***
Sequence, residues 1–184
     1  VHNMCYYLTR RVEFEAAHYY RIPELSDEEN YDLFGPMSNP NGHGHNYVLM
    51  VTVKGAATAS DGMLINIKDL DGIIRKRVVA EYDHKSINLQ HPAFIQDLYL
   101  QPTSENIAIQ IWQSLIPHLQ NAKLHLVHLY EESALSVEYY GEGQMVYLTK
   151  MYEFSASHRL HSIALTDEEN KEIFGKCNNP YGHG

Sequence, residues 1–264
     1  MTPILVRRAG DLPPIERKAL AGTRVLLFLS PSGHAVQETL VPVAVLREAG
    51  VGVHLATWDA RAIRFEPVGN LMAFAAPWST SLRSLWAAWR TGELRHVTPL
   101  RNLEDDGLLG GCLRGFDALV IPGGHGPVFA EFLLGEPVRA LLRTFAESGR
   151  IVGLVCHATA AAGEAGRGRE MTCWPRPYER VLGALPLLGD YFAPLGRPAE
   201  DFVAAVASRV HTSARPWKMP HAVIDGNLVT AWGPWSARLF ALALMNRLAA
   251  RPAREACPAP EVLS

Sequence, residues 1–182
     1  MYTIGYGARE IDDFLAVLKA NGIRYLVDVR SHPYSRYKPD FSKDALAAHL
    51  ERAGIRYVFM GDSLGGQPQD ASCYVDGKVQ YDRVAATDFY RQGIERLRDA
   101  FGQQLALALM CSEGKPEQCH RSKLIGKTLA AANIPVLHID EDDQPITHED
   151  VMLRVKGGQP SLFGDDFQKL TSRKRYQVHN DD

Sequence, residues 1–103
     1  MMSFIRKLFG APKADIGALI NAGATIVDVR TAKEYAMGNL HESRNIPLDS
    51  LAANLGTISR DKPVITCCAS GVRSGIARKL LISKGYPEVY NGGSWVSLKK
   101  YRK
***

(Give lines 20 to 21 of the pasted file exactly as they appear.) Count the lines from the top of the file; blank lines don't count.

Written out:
    51  LAANLGTISR DKPVITCCAS GVRSGIARKL LISKGYPEVY NGGSWVSLKK
   101  YRK